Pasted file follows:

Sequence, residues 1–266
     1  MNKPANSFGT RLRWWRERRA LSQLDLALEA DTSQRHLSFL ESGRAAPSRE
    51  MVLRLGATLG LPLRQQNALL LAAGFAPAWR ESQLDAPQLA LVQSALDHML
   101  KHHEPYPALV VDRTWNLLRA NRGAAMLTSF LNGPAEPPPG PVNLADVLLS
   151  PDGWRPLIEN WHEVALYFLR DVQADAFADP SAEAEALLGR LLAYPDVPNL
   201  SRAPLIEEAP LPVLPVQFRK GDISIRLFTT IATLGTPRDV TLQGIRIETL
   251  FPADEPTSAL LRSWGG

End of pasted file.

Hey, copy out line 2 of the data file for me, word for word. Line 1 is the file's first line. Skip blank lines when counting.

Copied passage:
     1  MNKPANSFGT RLRWWRERRA LSQLDLALEA DTSQRHLSFL ESGRAAPSRE